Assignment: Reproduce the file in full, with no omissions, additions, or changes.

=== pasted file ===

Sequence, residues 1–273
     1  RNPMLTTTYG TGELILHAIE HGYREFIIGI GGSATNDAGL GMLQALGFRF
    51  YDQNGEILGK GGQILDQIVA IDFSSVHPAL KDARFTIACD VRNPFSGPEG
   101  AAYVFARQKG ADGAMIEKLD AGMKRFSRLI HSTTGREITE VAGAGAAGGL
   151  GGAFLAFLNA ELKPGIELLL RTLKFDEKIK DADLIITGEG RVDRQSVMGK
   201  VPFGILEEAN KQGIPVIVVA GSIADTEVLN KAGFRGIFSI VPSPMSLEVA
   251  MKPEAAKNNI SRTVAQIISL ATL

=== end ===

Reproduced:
Sequence, residues 1–273
     1  RNPMLTTTYG TGELILHAIE HGYREFIIGI GGSATNDAGL GMLQALGFRF
    51  YDQNGEILGK GGQILDQIVA IDFSSVHPAL KDARFTIACD VRNPFSGPEG
   101  AAYVFARQKG ADGAMIEKLD AGMKRFSRLI HSTTGREITE VAGAGAAGGL
   151  GGAFLAFLNA ELKPGIELLL RTLKFDEKIK DADLIITGEG RVDRQSVMGK
   201  VPFGILEEAN KQGIPVIVVA GSIADTEVLN KAGFRGIFSI VPSPMSLEVA
   251  MKPEAAKNNI SRTVAQIISL ATL